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Who will get the rest of Mammoth?

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With that in mind, planning commissioners in Hailey, a town down-valley from Ketchum and Sun Valley, propose to allow building on smaller lots. The existing minimum width of residential lots is 75 feet and of business lots 50 feet. The proposed minimum will be 37.5 feet, if the town’s officials go along with this idea. The Idaho Mountain Express reports that the idea is being championed by Citizens for Smart Growth.

Growth limits contentious

BANFF, Alberta — Banff continues to tango with that strange concept called sustainable limits to growth. The town is an island within a national park, and as such Parks Canada officials in 1998 said the expansion would have to be capped. Only 350,000 square feet of commercial space remain up for grabs.

The mayor, John Stutz, wants the federal government that capped the increase to accommodate services he considers essential to a tourism-based economy. For example, the town has no car wash, no dry cleaners, and no propane delivery.

But the mayor misses the point, says Dave Campbell, a conservationist. He told the Rocky Mountain Outlook that Banff lacked these things even before there were growth limits. "This reminds me of a child in a candy store – more, more, more, cries the child, rather than saving the sweets beyond a single, gluttonous afternoon," Campbell said.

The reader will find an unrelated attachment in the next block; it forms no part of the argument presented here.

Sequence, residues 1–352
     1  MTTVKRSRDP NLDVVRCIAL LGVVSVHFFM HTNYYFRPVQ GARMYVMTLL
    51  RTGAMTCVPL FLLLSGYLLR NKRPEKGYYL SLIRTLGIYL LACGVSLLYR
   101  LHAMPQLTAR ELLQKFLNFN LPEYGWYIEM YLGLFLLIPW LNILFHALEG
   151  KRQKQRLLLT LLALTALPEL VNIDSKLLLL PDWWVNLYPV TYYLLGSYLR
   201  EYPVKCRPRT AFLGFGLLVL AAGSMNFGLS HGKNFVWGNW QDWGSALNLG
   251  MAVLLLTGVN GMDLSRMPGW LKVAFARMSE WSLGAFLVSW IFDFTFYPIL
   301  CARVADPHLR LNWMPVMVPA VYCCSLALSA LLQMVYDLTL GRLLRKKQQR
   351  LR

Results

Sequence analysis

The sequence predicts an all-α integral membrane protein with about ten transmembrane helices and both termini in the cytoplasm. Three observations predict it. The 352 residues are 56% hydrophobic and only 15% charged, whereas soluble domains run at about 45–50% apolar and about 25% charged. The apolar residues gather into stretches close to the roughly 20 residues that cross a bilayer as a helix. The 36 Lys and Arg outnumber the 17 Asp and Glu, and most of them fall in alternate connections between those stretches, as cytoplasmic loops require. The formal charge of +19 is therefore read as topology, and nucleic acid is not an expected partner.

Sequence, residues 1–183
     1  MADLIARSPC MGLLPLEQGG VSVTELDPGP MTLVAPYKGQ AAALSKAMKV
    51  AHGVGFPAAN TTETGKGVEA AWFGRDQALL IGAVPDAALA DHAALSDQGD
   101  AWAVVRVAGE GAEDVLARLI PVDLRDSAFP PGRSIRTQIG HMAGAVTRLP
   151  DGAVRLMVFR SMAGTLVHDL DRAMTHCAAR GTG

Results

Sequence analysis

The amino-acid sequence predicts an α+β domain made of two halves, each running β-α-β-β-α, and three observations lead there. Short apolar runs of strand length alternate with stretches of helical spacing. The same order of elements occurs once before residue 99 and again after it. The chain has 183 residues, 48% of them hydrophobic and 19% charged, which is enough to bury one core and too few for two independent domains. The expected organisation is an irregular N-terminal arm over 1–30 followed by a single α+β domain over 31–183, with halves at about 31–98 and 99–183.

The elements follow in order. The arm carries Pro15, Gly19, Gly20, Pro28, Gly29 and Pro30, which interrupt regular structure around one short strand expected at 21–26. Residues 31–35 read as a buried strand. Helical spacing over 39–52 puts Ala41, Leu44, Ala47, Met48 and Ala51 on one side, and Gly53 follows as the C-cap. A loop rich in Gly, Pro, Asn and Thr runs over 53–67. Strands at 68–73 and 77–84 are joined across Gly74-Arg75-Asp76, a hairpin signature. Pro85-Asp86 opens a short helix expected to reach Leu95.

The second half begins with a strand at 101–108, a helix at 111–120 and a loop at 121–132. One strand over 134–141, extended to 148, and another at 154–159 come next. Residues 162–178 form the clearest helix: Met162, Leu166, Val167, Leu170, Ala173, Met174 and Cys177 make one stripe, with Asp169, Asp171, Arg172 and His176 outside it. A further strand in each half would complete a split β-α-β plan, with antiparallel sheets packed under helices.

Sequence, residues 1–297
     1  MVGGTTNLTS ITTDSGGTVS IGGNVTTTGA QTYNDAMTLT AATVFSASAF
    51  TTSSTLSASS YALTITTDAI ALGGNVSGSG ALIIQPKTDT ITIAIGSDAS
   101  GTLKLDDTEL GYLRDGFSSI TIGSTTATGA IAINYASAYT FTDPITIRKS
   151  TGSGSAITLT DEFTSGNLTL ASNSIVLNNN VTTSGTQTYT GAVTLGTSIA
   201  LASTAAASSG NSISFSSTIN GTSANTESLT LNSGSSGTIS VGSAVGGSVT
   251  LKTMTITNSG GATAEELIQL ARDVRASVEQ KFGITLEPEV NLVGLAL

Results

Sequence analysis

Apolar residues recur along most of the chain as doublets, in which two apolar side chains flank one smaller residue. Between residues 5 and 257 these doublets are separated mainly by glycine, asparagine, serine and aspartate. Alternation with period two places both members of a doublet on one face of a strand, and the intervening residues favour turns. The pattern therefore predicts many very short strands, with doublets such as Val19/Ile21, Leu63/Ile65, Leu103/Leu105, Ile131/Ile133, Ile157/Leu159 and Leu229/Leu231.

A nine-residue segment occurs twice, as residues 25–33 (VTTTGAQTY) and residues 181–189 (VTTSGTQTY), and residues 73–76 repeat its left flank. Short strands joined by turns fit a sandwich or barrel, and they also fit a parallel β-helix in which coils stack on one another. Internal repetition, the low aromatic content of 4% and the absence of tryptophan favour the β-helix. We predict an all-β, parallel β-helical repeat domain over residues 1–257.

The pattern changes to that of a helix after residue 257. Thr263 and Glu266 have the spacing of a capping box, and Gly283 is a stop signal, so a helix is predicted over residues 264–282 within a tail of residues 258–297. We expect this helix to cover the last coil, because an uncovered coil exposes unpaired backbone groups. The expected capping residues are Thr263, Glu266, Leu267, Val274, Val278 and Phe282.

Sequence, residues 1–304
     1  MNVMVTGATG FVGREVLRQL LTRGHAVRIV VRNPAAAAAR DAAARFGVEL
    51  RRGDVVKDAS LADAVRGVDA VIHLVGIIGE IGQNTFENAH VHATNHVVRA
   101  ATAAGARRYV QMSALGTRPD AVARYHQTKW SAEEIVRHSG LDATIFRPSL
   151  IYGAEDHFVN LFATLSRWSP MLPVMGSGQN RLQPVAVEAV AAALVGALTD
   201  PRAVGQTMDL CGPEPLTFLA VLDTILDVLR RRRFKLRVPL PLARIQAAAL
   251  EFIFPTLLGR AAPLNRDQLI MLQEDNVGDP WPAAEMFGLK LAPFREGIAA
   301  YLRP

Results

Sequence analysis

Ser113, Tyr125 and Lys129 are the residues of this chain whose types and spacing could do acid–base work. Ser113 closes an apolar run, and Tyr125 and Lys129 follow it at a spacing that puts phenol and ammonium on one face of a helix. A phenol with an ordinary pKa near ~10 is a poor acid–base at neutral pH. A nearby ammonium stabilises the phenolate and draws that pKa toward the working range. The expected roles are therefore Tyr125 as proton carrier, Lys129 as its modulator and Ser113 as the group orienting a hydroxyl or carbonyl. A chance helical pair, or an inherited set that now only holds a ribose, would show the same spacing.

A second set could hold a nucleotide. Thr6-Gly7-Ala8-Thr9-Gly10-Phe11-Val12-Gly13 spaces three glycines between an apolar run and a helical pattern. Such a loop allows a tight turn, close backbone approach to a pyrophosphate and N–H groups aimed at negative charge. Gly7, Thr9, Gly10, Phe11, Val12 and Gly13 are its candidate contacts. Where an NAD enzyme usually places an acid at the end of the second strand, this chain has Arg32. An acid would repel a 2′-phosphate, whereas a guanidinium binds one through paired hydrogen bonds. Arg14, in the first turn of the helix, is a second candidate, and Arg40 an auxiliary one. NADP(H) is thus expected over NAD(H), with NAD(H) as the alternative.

Still, Parks Canada has not summarily rejected the mayor’s call.

Real estate plays scuttled

TRUCKEE, Calif. — A district court judge in California has at least temporarily scuttled plans for massive Colorado-style resort development in the Martis Valley, located between Truckee and Lake Tahoe.

The plan approved by Placer County in 2003 "builds in opportunities to create environmental mischief," said Judge James. D. Garbolino. He faulted the plan on several counts, saying it failed to adequately consider new traffic, offered little affordable housing and strayed from the county’s principle to encourage growth in existing cities.

The lawsuit had been filed by a coalition of environmental groups and aided the Town of Truckee. On the other side was Placer County, aided by land owners and development firms, including Eat West Partners. Roger Lessman, managing partner for East West Partners Tahoe, told the Sacramento Bee that he expects the county and his projects will eventually prevail. The case ultimately could go to the California State Supreme Court.

It’s not clear how the ruling might affect projects approved by the county but not built.

Among those approvals was one just days prior to the ruling. In that case, Placer County gave the green light for the first 252 units of what East West Partners expects will ultimately be 1,450 condominiums and townhomes at Northstar-at-Tahoe, a resort owned by Booth Creek. Both Booth Creek and East West Partners are based in Colorado’s Vail Valley.

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